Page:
20 minutes – The Covid-19 questions the relocations

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Bangalore like Manila, the coronavirus pandemic paralyzes the functioning of localized services, pushing the large companies on which they depend to relocate jobs or accelerate the passage to automation. With the confinements in force in India and the Philippines, the restrictions are creating a logistical nightmare for call centers and other back-office services, localized in these countries by international companies because of the lower cost of local labor.

But, because of the strict rules governing access to confidential data like bank data from customers on the other side of the world, the teams of these localized services can hardly work at home.

Office confines

And many Filipino and Indian employees live in overcrowded housing with a poor internet connection. Some companies do not even have the means to provide their employees with home office equipment such as laptops.

Anxious to remain operational, some companies have therefore chosen to have employees living at their workplace. But the practices have come under heavy criticism from unions, which have received information from some quarantined workers locked up in their offices, said Mylene Cabalona, ​​president of the Business Process Outsourcing Industry Employees’ Network (BIEN).

Inhuman conditions

In early April, the Financial Times published photos he said of workers sleeping on the floor of a call center in the Philippines, living in what the newspaper described as inhumane conditions.

While some large companies that rely on one of these localized call centers ask consumers to stop contacting their customer service, others have already announced that they plan to recruit hundreds of people in their country of origin, where they could better adapt the situation.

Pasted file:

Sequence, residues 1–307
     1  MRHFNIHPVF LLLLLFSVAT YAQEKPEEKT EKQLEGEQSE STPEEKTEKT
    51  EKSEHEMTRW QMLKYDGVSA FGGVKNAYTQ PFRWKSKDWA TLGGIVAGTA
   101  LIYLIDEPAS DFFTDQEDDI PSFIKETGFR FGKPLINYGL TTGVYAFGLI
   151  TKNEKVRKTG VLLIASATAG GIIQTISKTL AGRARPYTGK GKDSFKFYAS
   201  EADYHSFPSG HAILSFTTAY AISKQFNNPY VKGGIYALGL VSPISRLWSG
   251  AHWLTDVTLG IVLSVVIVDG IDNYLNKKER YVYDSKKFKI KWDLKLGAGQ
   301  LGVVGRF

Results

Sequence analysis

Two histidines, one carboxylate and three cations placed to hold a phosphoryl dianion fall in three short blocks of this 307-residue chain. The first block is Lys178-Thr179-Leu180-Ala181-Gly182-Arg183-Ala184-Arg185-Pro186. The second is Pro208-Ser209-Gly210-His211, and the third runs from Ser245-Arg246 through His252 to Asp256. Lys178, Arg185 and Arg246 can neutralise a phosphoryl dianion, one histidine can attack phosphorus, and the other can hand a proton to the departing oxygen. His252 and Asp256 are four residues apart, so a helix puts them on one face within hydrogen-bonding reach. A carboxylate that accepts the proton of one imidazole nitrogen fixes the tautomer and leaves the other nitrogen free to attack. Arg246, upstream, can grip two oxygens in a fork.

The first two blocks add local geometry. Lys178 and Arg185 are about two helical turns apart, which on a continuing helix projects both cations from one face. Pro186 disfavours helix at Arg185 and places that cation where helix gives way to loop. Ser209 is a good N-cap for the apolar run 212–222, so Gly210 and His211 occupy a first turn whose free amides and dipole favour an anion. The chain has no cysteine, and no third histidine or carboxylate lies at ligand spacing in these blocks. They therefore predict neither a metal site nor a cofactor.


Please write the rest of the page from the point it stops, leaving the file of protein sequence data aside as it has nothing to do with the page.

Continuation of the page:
Robotization accelerated by the pandemic

But in the longer term, the coronavirus pandemic is also likely to accelerate the passage of automation for this type of service, which will see artificial intelligence perform tasks now devolved to men and women, experts say.

Artificial intelligence doesn’t go on strike, it can work 24 hours a day, seven days a week, and poses fewer problems, says Michael Czinkota, professor of international trade at Georgetown University in Washington.

The economic impact will be violent

The Covid-19 accomplished in six eight weeks what the aptitude of automation had not been able to do (…) in more than five years, declares AFP Ilan Oshri, professor at the school of management of the University of Auckland. The relocation of jobs and the increased use of artificial intelligence will have a major economic impact for countries like India and the Philippines. Localized services support millions of people and generate tens of billions of dollars in revenue.

(dpa)

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